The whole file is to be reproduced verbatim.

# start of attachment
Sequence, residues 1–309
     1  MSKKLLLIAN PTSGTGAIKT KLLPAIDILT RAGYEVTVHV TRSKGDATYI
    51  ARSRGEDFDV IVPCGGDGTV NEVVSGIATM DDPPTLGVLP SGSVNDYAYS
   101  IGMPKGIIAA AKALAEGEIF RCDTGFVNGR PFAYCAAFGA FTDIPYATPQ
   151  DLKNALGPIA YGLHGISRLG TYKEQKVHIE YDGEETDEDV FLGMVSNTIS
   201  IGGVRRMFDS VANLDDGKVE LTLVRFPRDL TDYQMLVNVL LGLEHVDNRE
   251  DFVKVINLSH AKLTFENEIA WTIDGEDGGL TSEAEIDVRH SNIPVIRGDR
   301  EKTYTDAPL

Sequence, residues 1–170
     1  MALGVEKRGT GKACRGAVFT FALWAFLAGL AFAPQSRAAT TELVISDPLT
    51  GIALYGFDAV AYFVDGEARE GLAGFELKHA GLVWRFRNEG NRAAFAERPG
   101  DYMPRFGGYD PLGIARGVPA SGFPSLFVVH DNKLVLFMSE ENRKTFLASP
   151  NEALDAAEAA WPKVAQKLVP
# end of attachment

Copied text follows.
Sequence, residues 1–309
     1  MSKKLLLIAN PTSGTGAIKT KLLPAIDILT RAGYEVTVHV TRSKGDATYI
    51  ARSRGEDFDV IVPCGGDGTV NEVVSGIATM DDPPTLGVLP SGSVNDYAYS
   101  IGMPKGIIAA AKALAEGEIF RCDTGFVNGR PFAYCAAFGA FTDIPYATPQ
   151  DLKNALGPIA YGLHGISRLG TYKEQKVHIE YDGEETDEDV FLGMVSNTIS
   201  IGGVRRMFDS VANLDDGKVE LTLVRFPRDL TDYQMLVNVL LGLEHVDNRE
   251  DFVKVINLSH AKLTFENEIA WTIDGEDGGL TSEAEIDVRH SNIPVIRGDR
   301  EKTYTDAPL

Sequence, residues 1–170
     1  MALGVEKRGT GKACRGAVFT FALWAFLAGL AFAPQSRAAT TELVISDPLT
    51  GIALYGFDAV AYFVDGEARE GLAGFELKHA GLVWRFRNEG NRAAFAERPG
   101  DYMPRFGGYD PLGIARGVPA SGFPSLFVVH DNKLVLFMSE ENRKTFLASP
   151  NEALDAAEAA WPKVAQKLVP